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Seed firms work to develop drought-tolerant cottonqrcode

Jun. 15, 2011

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Jun. 15, 2011
As West Texas cotton farmers seek relief from one of the state's most severe droughts on record, seed makers say they are years away from producing genetically-modified seeds that can thrive in dry soil.

U.S. seed giant Monsanto and Bayer CropScience, a unit of Germany's Bayer AG, are planning to roll out a line of more drought-tolerant seeds in about a decade, company executives said. Representatives for Dow Chemical Company and DuPont's seed business, Pioneer Hi-Bred, said the companies are also focusing on drought tolerance in its cotton-breeding program but didn't say when the seeds would be available.

"Environmental stresses, including variability in weather like we've seen in areas this season, are one of the biggest risk factors farmers face," said David Fischhoff, Monsanto's vice president of technology strategy and development.

Bayer CropScience said it is working with cross-breeding and genetic modification for a seed that could withstand some drought, and that it will take about 10 years before the seeds hit the market.

West Texas, with its naturally dry soil and high risk for drought, makes it an ideal place to market such seeds. Global demand for cotton is growing, driving prices up to historic highs, but West Texas farmers aren't able to ramp up production fast enough and cash in because of their arid land.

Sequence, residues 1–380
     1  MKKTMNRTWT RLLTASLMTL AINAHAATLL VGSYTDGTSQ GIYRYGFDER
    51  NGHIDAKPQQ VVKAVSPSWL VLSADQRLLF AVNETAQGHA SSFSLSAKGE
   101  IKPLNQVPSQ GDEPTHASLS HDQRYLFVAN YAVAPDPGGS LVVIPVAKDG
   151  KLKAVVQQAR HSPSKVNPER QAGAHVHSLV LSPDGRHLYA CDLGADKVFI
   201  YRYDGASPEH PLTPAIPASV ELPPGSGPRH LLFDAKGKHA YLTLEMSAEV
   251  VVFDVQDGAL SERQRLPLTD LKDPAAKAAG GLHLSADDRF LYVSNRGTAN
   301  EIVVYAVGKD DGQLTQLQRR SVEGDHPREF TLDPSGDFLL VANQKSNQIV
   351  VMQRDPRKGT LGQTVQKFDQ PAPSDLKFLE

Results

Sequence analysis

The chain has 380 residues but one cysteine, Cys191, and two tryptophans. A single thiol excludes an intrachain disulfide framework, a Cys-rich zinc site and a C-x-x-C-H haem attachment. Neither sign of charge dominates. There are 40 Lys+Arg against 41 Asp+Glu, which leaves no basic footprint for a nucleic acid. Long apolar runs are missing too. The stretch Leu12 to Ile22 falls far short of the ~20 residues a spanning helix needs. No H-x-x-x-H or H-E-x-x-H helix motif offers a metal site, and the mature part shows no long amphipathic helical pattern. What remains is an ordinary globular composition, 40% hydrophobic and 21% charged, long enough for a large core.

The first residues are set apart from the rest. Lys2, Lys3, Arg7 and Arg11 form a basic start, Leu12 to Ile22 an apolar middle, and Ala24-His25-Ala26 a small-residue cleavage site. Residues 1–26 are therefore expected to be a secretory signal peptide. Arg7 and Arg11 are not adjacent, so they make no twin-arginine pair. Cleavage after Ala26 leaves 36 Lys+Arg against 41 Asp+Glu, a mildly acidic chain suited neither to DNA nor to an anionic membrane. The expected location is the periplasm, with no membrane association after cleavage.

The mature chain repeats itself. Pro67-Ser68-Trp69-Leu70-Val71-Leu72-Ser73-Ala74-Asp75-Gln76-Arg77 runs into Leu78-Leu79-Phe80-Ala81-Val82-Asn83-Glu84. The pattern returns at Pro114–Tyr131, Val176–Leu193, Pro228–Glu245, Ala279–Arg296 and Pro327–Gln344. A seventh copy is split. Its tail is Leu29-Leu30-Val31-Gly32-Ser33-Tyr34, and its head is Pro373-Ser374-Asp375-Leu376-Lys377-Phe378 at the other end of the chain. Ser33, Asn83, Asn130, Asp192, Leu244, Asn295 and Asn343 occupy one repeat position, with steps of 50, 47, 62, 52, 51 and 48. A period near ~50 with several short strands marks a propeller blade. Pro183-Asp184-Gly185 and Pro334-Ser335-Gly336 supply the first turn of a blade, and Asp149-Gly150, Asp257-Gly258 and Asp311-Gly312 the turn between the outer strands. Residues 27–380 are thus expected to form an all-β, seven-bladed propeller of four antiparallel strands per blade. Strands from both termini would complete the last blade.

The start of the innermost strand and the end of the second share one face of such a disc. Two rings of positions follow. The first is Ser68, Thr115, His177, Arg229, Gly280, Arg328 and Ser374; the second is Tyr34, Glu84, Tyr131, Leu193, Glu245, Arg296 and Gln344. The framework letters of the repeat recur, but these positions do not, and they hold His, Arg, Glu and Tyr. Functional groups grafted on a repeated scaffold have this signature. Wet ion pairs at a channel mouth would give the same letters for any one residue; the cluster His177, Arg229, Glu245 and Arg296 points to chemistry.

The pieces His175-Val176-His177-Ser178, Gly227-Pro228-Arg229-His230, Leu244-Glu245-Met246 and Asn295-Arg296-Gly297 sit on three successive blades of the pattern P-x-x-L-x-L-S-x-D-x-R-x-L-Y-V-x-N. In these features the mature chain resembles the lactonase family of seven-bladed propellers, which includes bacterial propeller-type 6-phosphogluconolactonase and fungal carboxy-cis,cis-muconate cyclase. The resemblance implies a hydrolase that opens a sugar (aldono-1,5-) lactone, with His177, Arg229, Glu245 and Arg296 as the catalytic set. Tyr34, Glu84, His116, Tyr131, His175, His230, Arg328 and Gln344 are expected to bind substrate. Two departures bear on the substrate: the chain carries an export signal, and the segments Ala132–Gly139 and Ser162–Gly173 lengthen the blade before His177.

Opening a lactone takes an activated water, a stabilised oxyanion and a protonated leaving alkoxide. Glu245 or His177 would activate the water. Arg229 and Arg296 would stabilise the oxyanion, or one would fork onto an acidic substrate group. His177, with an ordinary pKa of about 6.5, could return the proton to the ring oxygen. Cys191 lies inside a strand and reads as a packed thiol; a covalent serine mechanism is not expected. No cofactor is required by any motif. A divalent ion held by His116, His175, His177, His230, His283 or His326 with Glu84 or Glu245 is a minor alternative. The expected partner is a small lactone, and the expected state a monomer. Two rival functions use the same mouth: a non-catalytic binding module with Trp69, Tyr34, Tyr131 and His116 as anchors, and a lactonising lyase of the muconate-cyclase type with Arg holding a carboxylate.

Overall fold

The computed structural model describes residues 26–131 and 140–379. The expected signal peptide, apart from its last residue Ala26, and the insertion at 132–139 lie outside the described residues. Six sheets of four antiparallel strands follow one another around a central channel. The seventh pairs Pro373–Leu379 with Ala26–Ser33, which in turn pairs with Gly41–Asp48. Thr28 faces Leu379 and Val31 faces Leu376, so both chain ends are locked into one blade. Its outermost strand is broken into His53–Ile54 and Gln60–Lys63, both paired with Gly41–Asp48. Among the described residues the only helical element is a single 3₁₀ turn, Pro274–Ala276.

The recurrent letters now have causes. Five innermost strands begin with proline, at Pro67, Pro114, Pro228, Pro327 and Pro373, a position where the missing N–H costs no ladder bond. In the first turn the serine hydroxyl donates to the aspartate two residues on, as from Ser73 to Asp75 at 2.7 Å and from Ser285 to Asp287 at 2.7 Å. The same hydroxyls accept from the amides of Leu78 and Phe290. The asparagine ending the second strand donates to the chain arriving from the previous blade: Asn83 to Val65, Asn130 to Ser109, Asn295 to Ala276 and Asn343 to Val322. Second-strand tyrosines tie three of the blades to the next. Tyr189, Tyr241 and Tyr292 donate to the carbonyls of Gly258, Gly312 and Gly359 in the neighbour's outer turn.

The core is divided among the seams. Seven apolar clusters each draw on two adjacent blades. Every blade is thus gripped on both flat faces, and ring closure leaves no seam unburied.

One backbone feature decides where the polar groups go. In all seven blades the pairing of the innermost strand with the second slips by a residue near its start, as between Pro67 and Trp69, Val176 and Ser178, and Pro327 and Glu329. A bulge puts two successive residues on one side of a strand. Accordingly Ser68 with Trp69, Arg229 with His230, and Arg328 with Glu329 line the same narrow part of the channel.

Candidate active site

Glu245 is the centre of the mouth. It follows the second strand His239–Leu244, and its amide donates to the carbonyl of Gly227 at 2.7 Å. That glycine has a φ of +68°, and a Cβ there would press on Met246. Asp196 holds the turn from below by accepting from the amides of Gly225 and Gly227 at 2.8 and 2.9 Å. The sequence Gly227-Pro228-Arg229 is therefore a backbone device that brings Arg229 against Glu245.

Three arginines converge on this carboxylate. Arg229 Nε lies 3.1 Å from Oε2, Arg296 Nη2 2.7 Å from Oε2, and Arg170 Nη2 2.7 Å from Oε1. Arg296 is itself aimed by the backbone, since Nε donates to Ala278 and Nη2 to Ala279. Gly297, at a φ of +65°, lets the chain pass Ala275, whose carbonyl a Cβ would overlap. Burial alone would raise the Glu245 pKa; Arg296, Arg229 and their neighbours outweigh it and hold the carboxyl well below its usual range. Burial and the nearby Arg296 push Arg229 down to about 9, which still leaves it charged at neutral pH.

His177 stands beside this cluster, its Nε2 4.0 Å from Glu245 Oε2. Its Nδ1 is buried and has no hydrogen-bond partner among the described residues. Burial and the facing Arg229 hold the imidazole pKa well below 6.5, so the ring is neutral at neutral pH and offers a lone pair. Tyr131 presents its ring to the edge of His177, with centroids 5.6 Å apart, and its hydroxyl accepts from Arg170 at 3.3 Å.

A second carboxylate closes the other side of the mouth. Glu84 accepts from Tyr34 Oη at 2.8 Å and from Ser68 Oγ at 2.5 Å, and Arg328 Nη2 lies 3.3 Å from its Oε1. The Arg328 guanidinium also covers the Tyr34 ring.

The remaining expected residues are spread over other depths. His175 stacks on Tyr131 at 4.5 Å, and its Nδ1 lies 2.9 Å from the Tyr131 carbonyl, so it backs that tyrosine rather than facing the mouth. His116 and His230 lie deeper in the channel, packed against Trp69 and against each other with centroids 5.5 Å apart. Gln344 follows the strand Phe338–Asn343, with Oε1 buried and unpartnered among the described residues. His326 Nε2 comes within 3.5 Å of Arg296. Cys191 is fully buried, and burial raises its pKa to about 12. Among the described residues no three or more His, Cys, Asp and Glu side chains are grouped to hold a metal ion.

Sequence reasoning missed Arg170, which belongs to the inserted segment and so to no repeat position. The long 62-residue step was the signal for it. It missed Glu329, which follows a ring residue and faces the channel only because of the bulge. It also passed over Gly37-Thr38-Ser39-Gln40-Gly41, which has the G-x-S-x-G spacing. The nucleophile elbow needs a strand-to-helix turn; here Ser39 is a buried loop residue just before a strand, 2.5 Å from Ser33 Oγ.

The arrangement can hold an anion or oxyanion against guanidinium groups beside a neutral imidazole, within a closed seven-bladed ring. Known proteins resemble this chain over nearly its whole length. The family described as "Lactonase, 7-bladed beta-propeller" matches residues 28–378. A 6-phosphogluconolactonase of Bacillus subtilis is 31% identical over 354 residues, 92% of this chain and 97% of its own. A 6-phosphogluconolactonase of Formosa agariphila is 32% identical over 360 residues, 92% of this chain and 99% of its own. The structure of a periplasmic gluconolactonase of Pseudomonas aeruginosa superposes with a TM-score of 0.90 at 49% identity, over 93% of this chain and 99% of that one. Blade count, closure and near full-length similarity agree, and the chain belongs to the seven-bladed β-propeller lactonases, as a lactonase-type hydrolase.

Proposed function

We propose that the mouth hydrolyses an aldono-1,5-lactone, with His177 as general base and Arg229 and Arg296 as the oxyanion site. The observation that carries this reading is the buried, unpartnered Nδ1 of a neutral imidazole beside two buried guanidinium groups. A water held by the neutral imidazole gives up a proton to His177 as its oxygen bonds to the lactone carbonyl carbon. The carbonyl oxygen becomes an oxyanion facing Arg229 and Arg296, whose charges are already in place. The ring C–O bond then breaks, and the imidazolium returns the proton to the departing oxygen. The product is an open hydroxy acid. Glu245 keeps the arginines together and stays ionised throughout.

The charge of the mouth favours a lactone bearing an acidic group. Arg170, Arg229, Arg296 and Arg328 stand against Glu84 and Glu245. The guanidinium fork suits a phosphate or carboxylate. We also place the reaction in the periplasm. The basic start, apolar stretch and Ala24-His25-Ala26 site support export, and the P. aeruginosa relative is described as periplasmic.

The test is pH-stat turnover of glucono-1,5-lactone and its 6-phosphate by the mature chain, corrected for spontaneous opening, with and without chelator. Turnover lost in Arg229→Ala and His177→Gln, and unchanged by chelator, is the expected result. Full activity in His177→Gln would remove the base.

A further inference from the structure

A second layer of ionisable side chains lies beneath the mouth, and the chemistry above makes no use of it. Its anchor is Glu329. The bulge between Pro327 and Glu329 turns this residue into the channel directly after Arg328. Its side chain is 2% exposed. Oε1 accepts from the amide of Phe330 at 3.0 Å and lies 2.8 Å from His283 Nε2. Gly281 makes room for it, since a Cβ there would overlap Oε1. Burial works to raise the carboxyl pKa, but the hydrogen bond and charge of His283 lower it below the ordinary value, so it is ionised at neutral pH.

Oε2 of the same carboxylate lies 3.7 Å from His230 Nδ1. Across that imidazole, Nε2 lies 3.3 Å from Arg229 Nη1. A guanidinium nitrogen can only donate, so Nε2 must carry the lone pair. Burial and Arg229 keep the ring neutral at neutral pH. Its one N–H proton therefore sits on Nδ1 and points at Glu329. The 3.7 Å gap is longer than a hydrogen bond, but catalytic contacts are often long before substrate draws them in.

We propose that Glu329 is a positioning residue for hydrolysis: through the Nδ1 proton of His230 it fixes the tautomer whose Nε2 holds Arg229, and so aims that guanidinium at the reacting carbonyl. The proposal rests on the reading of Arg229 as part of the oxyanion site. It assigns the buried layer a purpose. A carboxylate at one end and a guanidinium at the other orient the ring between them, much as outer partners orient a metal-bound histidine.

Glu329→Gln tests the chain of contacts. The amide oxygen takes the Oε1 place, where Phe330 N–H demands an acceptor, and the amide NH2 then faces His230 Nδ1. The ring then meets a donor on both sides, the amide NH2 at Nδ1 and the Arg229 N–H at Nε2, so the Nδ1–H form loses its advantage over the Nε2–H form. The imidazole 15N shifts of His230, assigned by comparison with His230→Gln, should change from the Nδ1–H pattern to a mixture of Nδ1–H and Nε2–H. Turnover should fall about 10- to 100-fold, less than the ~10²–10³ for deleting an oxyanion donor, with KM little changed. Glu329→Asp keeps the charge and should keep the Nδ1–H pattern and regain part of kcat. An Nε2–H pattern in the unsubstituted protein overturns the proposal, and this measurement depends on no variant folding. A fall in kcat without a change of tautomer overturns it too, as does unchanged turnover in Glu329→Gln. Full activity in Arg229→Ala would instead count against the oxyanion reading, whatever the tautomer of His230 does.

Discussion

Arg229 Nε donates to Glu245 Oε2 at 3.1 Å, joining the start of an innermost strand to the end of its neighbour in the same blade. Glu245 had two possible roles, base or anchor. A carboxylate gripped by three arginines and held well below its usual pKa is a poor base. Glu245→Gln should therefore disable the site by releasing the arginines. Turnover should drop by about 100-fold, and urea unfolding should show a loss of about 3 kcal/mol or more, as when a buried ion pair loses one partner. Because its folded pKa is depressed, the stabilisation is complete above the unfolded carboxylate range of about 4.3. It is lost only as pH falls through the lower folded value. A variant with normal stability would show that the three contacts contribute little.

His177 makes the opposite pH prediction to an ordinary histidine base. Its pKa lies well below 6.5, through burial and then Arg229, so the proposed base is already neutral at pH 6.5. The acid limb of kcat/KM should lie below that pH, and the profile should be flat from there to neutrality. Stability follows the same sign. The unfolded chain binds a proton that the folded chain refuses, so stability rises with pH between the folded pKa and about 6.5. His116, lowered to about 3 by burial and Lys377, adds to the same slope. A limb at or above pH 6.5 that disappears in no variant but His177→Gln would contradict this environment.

"Water is the most limiting factor we have on yields," said Steve Verrett, vice president of the Plains Cotton Growers Inc., a trade group representing farmers in the high plains of Texas, where most of the state's cotton is grown.

He said the region needs "some kind of miracle" to produce a strong crop this year, such as "four inches of rain" this week, as farmers wrap up planting. Texas has been mired in drought since October. Rainfall in West Texas this year is a quarter of the 30-year average, according to National Drought Mitigation Center at the University of Nebraska-Lincoln. Last week, the U.S. Department of Agriculture said the country's 2011-12 crop would likely be 1 million bales, or 5%, lower than previously expected, because of the drought.

But Verrett is skeptical of whether a more drought-tolerant seed could still sprout during a drought of this magnitude.

"When it never rains, I don't care what kind of gene you got in there," he said. "It can't make something out of nothing."

The companies say the improved seeds will need some water to thrive.

West Texas accounts for more than one-third of cotton production in the U.S., the world's largest exporter of the fiber. The National Oceanic and Atmospheric Administration said May, the height of the planting season, was one of the driest on record for Texas.

Researchers in major cotton-growing nations such as China and India are also working on drought-resistant seeds, said Tariq Chaudhry, who heads the technical information department at the Washington-based International Cotton Advisory Committee, a group that advises cotton-growing nations.

Chaudhry, who has studied cotton for more than three decades, expects the drought-tolerant seeds to hit the marketplace in less than a decade because of growing global demand, especially since just less than half of the world's cotton is grown using only rainwater, as opposed to cotton irrigated by farmers. "Cotton has a future," he said.
Source: Market Watch

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